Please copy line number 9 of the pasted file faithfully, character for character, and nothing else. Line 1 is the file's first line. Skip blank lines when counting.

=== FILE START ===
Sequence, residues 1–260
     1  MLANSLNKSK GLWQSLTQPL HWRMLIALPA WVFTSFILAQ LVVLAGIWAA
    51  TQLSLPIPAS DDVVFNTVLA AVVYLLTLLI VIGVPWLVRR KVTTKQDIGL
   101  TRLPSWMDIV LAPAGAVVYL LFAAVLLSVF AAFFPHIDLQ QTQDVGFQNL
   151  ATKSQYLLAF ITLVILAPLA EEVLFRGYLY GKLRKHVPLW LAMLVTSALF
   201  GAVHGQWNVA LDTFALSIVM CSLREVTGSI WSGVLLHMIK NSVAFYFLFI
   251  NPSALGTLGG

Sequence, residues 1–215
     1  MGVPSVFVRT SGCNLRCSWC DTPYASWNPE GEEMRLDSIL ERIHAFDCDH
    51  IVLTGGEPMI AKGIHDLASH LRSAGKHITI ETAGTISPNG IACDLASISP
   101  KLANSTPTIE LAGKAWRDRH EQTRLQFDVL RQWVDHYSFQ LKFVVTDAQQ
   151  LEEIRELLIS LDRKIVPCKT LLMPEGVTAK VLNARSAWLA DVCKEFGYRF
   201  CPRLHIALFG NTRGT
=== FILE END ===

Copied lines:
     1  MGVPSVFVRT SGCNLRCSWC DTPYASWNPE GEEMRLDSIL ERIHAFDCDH